As I walked towards the bus stop I was convinced I was the only alert human being on campus. That moment would have been a great time to mug, rape, or murder me, for no one would notice till the normal waking hours. I was almost at the stop when I saw a bus turn the corner, that meant that I’d have to wait at minimum 15 minutes for the next bus to come along. I didn’t like that. Not at all.

The bus stop had the shuttle schedule posted, the last bus would arrive at 2:56AM and it was 2:48AM. I was psyched! Until at 2:56AM I watched the bus not turn down my direction, rather it took the road with NO BUS STOPS ON IT! The shuttle schedule lied! And now I was standing alone on the sidewalk in the dark and wintry weather. Obviously I was pissed, I practically started crying and had to resist the urge to do an angry dance like Kevin Bacon in Footloose.

I was in a state of limbo – should I call people or just walk?

I decided to call my close friends with cars, of course no one answered, considering the hour. Eventually I saw a cop drive by, then I watched it slow, U-turn and eventually pull up next to me. This is the second time this has ever happened to me. The first was at Jessy’s birthday party when I was drunk and hugging a fire hydrant – that’s a whole different story, I’ll write it later, promise.

It was a male cop, he questioned what I was doing out so late. I explained the shuttle situation to which he responded rather unsympathetically that it ends at three. I knew this, I told him about the bus driving passed me and how none of my friends answered their phones. He suddenly looked sympathetic, asked where I live, and motioned for me to get in the backseat.

The seat was hard plastic and the seat belt looked like it had been designed for a space ship. There was limited leg room and a glass window separating me from the officer. My first thought was, how do they arrest fat people? They’d never fit. The ride was awkwardly silent, I tried to break the ice: introduced myself – mostly I just said thank you a lot.

When we reached my apartment he got out, opened the door for me, and said, “It’s like a limo but less comfortable.”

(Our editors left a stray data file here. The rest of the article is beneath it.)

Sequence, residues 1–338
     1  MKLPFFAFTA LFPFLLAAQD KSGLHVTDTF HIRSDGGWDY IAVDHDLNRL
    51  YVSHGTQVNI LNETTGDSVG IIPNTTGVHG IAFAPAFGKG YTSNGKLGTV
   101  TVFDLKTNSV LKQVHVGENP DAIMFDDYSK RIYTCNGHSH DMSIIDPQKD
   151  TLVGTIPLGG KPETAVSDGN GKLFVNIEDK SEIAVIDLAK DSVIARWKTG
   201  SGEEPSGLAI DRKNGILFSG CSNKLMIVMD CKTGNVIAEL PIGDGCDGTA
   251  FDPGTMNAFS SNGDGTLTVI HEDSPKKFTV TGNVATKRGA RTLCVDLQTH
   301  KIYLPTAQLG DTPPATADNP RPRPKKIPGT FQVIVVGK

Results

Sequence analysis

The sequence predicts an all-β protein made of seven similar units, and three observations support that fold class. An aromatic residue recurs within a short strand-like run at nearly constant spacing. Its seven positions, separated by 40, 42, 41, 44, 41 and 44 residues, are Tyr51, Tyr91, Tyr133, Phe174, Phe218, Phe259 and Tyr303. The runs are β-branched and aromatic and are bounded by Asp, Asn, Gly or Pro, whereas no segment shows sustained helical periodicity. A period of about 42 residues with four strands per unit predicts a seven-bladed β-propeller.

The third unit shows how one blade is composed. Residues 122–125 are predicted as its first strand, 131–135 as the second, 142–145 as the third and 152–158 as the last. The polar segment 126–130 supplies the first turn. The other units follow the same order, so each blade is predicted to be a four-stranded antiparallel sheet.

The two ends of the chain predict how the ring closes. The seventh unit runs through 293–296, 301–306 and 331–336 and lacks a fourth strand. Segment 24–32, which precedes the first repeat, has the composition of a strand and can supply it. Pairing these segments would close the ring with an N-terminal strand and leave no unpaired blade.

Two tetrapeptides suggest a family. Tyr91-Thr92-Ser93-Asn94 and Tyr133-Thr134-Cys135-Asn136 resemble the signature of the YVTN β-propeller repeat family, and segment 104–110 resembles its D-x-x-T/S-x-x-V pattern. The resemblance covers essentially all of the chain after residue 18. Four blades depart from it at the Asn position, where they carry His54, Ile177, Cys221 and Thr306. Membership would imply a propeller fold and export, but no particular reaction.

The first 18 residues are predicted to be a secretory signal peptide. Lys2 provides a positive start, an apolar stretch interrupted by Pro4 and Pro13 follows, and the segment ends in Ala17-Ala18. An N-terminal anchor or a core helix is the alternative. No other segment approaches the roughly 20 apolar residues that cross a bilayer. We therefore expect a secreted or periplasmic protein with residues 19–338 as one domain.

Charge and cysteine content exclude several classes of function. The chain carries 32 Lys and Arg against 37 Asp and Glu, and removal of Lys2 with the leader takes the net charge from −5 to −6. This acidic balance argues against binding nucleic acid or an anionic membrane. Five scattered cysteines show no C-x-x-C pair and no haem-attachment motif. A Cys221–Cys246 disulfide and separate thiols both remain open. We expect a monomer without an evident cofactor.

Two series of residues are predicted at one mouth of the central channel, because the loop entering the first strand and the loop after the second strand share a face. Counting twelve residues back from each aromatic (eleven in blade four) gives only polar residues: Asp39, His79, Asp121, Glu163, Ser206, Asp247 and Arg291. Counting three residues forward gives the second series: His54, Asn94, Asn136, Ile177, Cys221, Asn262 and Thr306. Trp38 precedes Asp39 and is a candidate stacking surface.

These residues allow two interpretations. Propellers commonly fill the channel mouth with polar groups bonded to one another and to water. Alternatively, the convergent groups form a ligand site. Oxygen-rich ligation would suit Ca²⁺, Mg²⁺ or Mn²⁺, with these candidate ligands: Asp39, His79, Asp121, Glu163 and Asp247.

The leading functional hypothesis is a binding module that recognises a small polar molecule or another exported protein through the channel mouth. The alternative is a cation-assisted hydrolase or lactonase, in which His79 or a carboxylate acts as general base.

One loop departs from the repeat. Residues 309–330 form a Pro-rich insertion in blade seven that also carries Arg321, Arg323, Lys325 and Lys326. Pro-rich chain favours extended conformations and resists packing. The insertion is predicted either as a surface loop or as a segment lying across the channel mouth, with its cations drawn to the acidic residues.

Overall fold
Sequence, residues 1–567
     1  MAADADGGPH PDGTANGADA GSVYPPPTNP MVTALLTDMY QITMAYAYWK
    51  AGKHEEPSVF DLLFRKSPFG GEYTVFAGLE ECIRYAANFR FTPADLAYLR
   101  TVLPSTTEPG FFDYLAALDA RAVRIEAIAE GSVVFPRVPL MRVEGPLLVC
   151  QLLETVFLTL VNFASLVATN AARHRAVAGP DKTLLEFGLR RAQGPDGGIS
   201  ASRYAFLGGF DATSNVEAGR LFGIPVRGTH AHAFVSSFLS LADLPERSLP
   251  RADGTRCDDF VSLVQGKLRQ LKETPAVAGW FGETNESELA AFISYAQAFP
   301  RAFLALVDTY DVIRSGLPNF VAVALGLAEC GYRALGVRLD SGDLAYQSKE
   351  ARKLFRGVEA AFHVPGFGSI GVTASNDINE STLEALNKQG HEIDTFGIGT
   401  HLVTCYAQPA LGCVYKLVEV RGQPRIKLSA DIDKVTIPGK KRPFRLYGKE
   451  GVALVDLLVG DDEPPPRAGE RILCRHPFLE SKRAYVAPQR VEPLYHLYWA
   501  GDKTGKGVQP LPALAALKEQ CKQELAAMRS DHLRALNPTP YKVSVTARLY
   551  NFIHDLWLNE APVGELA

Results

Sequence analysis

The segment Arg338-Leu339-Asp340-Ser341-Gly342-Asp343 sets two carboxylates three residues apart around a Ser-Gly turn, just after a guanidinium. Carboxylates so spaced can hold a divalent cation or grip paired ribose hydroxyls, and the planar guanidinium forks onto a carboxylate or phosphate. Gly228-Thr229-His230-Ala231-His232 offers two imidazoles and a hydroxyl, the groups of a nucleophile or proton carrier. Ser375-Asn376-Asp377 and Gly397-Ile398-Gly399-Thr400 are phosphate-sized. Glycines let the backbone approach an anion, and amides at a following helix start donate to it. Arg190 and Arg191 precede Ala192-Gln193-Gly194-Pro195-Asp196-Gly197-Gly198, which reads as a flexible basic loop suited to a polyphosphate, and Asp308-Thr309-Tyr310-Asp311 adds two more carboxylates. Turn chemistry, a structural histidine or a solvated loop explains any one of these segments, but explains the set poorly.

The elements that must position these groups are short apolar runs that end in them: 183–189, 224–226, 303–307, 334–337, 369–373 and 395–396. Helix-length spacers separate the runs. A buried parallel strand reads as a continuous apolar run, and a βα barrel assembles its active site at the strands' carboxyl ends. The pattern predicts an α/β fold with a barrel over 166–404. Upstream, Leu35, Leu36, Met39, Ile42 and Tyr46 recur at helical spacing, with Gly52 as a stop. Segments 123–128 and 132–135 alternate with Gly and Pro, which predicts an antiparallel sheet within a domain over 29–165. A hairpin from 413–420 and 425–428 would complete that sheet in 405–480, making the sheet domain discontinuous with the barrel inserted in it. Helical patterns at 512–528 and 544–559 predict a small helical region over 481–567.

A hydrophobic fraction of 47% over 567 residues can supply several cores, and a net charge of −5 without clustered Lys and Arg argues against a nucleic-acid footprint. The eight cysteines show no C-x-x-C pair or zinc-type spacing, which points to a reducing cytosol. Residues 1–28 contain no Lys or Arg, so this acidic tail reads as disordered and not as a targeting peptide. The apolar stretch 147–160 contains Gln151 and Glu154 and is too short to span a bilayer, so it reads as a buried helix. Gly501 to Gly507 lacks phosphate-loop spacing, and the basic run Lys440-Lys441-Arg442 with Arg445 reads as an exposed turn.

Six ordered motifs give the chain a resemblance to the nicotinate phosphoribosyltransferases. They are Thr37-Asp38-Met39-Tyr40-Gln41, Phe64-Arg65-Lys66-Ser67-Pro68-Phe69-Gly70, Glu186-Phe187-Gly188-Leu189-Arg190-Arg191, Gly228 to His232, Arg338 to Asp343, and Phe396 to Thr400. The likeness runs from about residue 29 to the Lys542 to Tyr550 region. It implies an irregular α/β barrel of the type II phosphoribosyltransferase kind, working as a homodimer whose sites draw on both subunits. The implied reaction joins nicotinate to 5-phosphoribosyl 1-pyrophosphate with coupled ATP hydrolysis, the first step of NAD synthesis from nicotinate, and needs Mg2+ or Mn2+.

I smiled, “I really appreciate it,” then walked towards my door while he drove away.

I really hope that is the last time I ride in the backseat of a cop car.

Of Girls, Cars, and Breakdowns

Girl, Broken Down Car

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It’s 1:17AM, just got home, smell like popcorn, and I still have an entire assignment to write.



I drive an old man car: a 1995 Century Buick. This car tends to run hot. VERY hot. The oil temperature (gauge?) thingy typically resides at about 3/4 or higher. For months I’ve been periodically (sometimes consistently) blasting the heat with the windows cracked, this usually lowers the temperature to a little higher than 1/2 – clearly, I’m not car savvy.

I call my Buick a sauna for a reason.

Tonight, for the first time, my old man car bitched out to the point where the gauge was so dangerously close to overheating that I had to pull over.

Thanks to movies, books, and television a young girl sitting by the side of the road at 12:30AM would result in one of five possible circumstances:

  1. A man pulls up and does something bad to the girl: rape, murder, kidnap, torture
  2. The girl is actually a psychopath and does something bad to an unsuspecting bystander
  3. Man stops to see if she’s okay – they fall in love
  4. Porno
  5. A cop asks what’s going on

None of the above happened. I sat there for about fifteen minutes with my heat on blast, waiting for the engine to cool down. Nothing happened. I felt like I was in an Indie movie as I sat in the dark watching cars drive by listening to the gentle harmonies and beautiful strings of Iron and Wine as they sung cinder and smoke, you’ll ask me to pray for rain, with ash in your mouth, you’ll ask it to burn again. My car swayed each time a car drove by, when the semi’s passed by my car rocked like a cradle. I watched headlights come and go, none of them slowed, most of them changed into the lane furthest from me. Not a single cop came by, part of me was hoping one would, just for the sake of a story. But nothing happened. My car cooled to driving temperature and I finally drove home.

I saw a car on the side of the road. I didn’t slow – the car looked abandoned.

I didn’t see a cop until I reached Bellingham; right next to my exit. It was parked uselessly on the side of the road lazily waiting for trouble to find them.

Thus I’ve concluded the following: if anyone is stranded on the freeway and they don’t have a cellphone on hand – they are fucked.